However, as the draft ruling further explains:
“If, however, the trustee outsources its functions to third parties and the outsourcing arrangement is not on arm's length terms, the NALI provisions apply.”
So, when might this occur?
The draft ruling provides an example of an SMSF trustee, Sharon, who is also a licensed real estate agent and runs a real estate business, which includes property management services. The SMSF holds a residential property, which is leased. Sharon provides property management services in her personal capacity to her SMSF, that is, not in her capacity as trustee. Sharon only charges her SMSF 50% of the normal fee she would charge her real estate property management clients.
It would appear that the proposed new NALI rules would only apply where a service is provided to an SMSF, by the trustee or a related party and the trustee or related party is:
- Qualified and holds the necessary license to provide the service; and
- Provides the services as part of a business that they conduct;
- A fee less than what would be considered commercial is charged to the SMSF.
If the trustee provides a service to their SMSF and they are not able to charge their SMSF, because they are not licensed to provide that service, the non-charging of that fee won’t invoke the new NALI rules.
In the above Sharon example, the conclusion reached in the draft ruling was that the arrangement would be caught by the proposed changes to the NALI rules, resulting in the rental income from the rental property being treated as NALI and taxed at 45%.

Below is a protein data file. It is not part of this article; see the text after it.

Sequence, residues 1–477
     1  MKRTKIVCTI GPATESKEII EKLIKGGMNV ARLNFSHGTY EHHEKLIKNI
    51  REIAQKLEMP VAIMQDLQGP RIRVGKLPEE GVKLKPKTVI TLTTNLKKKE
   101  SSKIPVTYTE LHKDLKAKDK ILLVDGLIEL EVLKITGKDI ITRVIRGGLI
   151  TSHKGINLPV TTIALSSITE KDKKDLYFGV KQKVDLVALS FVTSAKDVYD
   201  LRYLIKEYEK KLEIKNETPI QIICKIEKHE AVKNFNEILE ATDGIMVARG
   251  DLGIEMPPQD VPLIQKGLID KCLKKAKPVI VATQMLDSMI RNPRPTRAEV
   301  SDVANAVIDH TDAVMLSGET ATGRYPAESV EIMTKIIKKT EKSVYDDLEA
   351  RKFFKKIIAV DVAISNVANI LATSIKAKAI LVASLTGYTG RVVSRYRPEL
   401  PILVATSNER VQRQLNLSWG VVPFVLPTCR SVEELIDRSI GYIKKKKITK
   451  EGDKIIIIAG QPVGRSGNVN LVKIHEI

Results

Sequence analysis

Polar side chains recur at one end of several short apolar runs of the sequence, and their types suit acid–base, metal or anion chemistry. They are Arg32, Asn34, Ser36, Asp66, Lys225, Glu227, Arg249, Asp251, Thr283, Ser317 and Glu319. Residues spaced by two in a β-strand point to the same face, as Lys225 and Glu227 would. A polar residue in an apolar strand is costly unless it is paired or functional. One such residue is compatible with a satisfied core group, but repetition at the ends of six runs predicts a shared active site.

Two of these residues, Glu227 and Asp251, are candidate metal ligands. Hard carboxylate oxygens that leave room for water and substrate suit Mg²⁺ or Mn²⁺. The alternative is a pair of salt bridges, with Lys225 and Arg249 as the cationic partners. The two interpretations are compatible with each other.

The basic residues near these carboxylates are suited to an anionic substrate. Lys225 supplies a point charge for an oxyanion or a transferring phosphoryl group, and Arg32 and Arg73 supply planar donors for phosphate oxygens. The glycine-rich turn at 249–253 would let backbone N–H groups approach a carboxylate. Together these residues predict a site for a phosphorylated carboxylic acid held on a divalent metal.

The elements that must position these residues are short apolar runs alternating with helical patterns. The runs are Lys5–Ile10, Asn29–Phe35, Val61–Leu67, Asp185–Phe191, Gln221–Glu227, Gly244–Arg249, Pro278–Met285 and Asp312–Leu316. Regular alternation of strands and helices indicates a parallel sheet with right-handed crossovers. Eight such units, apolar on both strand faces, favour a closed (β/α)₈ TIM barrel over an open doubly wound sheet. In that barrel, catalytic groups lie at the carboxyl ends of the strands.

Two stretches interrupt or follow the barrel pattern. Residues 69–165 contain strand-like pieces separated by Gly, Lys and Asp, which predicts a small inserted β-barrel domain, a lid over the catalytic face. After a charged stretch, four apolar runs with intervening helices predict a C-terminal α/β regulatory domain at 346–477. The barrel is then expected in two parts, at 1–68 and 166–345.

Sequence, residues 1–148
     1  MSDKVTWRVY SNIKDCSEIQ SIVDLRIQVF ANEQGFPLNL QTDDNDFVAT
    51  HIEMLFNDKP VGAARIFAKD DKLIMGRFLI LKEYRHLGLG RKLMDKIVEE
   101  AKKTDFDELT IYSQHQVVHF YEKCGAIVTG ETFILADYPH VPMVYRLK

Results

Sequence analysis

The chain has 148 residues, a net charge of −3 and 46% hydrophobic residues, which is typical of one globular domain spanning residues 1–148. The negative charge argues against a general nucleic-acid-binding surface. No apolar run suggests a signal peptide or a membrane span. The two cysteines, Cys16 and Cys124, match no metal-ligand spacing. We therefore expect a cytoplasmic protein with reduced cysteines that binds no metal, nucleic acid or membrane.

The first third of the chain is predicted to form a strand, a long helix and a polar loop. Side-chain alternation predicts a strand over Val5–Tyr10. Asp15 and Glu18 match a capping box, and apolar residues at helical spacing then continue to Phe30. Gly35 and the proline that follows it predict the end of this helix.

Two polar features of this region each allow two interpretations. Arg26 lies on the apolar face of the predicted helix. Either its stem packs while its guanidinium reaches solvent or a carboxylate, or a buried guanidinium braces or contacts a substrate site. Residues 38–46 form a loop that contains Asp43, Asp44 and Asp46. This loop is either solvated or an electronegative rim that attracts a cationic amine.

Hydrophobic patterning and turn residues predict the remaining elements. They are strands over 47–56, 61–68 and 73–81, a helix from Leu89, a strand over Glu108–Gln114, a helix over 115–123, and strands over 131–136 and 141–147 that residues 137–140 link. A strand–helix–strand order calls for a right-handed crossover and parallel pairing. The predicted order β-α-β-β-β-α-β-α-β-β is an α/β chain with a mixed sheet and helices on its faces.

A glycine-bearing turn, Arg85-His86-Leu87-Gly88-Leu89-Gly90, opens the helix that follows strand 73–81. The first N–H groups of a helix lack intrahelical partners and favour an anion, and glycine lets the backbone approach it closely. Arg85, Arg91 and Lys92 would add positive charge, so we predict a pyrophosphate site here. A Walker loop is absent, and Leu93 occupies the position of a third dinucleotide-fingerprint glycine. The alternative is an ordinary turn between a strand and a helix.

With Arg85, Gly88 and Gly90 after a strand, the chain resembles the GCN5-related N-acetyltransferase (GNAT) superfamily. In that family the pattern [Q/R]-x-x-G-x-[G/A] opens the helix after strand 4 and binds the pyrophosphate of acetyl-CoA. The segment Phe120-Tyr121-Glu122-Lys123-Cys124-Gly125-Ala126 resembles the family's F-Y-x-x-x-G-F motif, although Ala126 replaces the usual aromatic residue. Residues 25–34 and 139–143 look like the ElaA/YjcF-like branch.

However, we believe this example requires further clarification. The example refers to Sharon providing the service in her personal capacity so could it not be argued that Sharon has provided this service in her capacity as trustee and therefore is not permitted to charge her fund anything for this service under section 17B of the SIS Act?
Perhaps this example could be amended by removing the word ‘personal’ and referring to Sharon providing this service utilising the services and resources of her real estate business. In our view, it would then be clearer that the proposed new NALI provisions would apply as the service has been outsourced to a third party on non-commercial terms.
Whilst the draft ruling does allay concerns regarding the application of the proposed rules, in our view there needs to be more focus in the ruling on what constitutes a service a trustee performs in their capacity of trustee of the SMSF. For example, if a financial adviser provides investment advice to their own SMSF and doesn’t charge their fund for that advice, will that invoke the new NALI rules?
That type of service should constitute a service a trustee performs in their capacity of a trustee and, therefore, shouldn’t invoke the new NALI rules. But it’s difficult to reach that conclusion reading the ATO’s draft ruling and the Explanatory Memorandum. Further clarification would be welcome in the final version of the ruling (assuming the Bill is passed before the election is called).